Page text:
Caution should be used before an individual undergoes either a weight loss or a weight gain plan. Starvation diets or very low kilocalorie diets and meal skipping are not wise. These diets promote water and muscle loss, not a steady body fat loss. A reduction in kilocalories of about 500 per day will promote safe, effective fat loss without medical hazards. The central nervous system cannot use stored body fat as fuel, making prolonged fasting a dangerous practice. By consuming a balanced diet that contains all five food groups in moderate portions, exercising, and modifying poor dietary behaviors (such as snacking while watching television), an individual can achieve lasting weight loss. Nutrient-dense foods—those that are low in kilocalories and fat yet still contain ample amounts of vitamins and minerals—should be chosen. Understanding the kilocaloric content of foods is not always necessary if a person uses exchange lists (diabetic exchanges), which are portion-controlled groupings of foods with similar energy contents that can be used to form an adequate diet. Exercise is important because it not only tones the body but also allows for more energy expenditure. Research has shown that regular exercise speeds up the basal metabolic rate, which also helps control weight.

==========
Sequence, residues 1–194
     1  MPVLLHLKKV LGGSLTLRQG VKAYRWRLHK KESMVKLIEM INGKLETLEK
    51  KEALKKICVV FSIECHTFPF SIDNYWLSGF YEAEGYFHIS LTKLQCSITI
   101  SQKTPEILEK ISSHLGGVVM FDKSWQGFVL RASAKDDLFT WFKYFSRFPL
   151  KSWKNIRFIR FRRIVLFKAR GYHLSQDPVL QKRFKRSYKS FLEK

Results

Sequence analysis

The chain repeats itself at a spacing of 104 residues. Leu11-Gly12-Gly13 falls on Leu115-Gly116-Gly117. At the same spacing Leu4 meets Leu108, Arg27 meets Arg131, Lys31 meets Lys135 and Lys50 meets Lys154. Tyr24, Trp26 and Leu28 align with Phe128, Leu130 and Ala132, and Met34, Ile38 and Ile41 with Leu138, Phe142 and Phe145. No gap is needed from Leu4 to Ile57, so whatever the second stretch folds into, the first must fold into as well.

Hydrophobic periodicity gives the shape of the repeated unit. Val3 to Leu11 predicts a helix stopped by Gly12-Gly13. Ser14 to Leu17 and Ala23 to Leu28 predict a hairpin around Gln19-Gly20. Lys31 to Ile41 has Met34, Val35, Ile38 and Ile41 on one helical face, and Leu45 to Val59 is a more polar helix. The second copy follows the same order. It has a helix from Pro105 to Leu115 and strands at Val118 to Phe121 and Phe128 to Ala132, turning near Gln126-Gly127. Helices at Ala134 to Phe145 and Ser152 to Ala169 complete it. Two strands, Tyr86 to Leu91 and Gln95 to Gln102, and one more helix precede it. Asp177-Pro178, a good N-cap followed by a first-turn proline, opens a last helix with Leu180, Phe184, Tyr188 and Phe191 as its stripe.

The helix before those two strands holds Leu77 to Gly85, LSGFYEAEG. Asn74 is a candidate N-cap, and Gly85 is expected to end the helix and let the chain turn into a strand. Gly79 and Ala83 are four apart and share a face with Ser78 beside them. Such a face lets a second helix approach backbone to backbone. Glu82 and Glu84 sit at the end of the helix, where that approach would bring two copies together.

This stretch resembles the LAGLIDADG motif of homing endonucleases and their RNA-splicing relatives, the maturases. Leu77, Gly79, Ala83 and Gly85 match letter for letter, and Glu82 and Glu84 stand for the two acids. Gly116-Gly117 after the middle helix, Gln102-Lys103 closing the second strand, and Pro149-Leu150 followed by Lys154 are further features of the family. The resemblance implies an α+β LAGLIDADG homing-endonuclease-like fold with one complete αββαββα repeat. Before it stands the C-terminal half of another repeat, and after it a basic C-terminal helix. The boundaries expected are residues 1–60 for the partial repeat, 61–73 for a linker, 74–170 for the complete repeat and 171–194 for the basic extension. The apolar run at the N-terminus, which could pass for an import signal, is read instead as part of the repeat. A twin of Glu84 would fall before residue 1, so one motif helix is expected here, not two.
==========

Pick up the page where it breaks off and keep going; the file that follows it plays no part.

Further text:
Usually individuals seeking weight gain want to gain muscle, not body fat. Weight gain of this type can be accomplished by physical conditioning and a high kilocalorie diet. The amount of muscle gained is under hormonal control. In healthy individuals, an excess of 700 to 1,000 kilocalories per day is sufficient to add 1 to 2 pounds per week. This excess must be accompanied by exercise training, however, or only body fat deposits will increase.
Healthy individuals desiring weight gain need to exercise and to ingest more kilocalories in order to increase muscle size. Consuming more kilocalories can be problematic, especially for athletes. These individuals must take time to eat perhaps five to six times per day. These individuals should eat more kilocalorically dense foods—the exact foods avoided during weight loss. Emphasis should still be placed on nutrient-wise choices, not simply empty kilocalories. If someone is underweight, increasing fat in the diet is not considered a major heart disease risk because the fat will prevent muscle wastage.
Not all weight gain or loss is voluntary. Weight changes can be warning signs or consequences of disease. Several diseases are frequently accompanied by severe weight loss and wasting, such as acquired immunodeficiency syndrome (AIDS), cancer, colitis, chronic obstructive pulmonary diseases (such as emphysema), cystic fibrosis, and kidney diseases. Wasting is characterized by decreased muscle mass and depleted fat stores. This is a result of inadequacies in both kilocalories and nutrient intake. Lack of appetite, termed anorexia, could be a consequence of disease, drug therapy, or both, complicating a person’s desire to eat. Severe weight loss is compounded by other nutrient losses caused by diarrhea, loss of blood, or drug interactions. Individuals with AIDS can experience extreme weight loss, perhaps losing up to 34 percent of ideal body weight.